Each year, Hispanic Heritage Month is observed in the U.S., from Sept. 15th through Oct. 15th, to recognize the important contributions Latinos/Hispanics have made to the country. During this month, Hispanic history and culture are honored. To join in on the annual celebration, photographer Viv Delgadillo and I honor our heritage through a tribute to Maria Felix, Mexico’s most legendary film actress. Through this visual and written homage, we aim to capture her iconic style and independent spirit.
Maria Felix, also known as La Doña, was one of the most important and successful figures of the Golden Age of Mexican cinema, during the 1940s and 50s. This uber successful actress was Mexico’s answer to Marilyn Monroe in terms of style, beauty and status. But Maria Felix was so much more.
She had a fierce and independent spirit that was incomparable to any Old Hollywood starlet. She portrayed strong and leading female roles, mingled with social circles that included famous artists + internationally acclaimed intellectuals and exclusively dated high-profile men.
She was a true chingona.
This legendary woman was known for her strong opinions and candid responses during interviews. She was a blunt and tough dame that often spoke about not letting men dictate her life or affect her decisions. This is significant because she lived during a time in Mexico in which independent, strong-willed women were rare.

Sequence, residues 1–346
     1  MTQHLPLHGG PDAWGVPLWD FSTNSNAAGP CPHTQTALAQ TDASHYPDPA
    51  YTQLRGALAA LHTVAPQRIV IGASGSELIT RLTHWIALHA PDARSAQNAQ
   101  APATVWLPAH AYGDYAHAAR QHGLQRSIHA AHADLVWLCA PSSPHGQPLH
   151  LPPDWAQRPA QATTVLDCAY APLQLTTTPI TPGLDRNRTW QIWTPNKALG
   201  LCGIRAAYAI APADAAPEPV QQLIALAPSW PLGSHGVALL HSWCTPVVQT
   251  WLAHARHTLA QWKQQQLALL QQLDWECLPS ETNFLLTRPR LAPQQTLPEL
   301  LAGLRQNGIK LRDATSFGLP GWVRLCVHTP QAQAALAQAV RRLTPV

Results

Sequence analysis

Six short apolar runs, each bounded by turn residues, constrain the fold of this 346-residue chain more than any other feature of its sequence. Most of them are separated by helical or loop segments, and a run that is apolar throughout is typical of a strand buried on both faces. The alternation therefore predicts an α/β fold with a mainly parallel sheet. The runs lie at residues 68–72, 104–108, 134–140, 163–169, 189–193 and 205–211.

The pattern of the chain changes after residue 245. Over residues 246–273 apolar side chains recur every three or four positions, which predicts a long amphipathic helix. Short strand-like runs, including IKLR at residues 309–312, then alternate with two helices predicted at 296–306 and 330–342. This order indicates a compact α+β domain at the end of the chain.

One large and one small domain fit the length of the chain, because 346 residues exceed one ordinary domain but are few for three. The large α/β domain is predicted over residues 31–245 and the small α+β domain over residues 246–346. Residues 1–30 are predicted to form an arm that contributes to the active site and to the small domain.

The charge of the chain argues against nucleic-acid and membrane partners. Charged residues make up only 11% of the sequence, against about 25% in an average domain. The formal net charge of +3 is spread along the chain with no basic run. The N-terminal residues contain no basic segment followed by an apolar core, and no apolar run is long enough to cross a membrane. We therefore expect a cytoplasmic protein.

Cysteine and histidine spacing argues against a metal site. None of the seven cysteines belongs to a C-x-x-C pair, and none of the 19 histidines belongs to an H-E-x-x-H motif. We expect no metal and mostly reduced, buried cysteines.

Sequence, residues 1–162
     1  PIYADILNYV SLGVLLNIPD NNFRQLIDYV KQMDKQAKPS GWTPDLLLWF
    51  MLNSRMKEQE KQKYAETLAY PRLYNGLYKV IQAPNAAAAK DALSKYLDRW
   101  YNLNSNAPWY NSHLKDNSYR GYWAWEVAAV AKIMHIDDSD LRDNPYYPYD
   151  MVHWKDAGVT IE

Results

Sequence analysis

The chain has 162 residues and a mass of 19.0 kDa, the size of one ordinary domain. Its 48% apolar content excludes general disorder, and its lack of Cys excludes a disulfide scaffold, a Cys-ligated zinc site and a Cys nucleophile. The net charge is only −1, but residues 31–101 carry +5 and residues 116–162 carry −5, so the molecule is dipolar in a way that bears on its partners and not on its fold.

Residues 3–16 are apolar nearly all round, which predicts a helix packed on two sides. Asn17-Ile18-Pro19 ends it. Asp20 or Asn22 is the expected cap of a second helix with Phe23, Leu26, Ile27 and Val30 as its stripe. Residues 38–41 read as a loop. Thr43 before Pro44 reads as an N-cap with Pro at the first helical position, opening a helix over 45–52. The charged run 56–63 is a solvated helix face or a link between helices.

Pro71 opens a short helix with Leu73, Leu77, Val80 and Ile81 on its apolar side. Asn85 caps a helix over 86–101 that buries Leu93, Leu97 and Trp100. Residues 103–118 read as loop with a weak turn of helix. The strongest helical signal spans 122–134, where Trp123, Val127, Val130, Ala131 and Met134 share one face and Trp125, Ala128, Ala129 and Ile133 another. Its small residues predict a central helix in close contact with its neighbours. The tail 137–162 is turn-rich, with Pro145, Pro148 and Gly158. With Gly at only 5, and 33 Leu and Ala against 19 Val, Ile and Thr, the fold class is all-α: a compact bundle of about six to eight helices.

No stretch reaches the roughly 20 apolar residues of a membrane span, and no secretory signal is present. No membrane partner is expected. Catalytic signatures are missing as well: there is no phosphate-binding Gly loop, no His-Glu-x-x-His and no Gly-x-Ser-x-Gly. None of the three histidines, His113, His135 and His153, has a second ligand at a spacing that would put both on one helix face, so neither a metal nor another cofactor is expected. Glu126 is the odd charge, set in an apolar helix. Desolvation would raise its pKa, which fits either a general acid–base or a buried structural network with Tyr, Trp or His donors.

The movie that made Maria Felix famous was Doña Barbara, in which she portrayed a contemptuous man-eater woman. This role helped her to create the larger-than-life character that Maria Felix personified for the rest of her life. An important part of embodying La Doña was self-confidence bordering on arrogance. Thus, she was admired by the public but not necessarily loved.
Because La Doña wanted it all or nothing, she turned down working in Hollywood, as she disliked the supporting or stereotypical Latina roles she was offered. But she became very famous in European cinema, especially in France, where she lived for a period of time.
La Doña was considered one of the most beautiful film actresses of her time compelling Agustin Lara, her third husband and Mexico’s most famous composer, to write a love song for her called Maria Bonita.
Maria’s last husband, a French banker, financed Mexico City’s metro system so La Doña could commute in style, the way she was accustomed to in Paris. D-I-V-A.
This tribute serves to commemorate her legacy of commanding attitude, iconic style and striking beauty.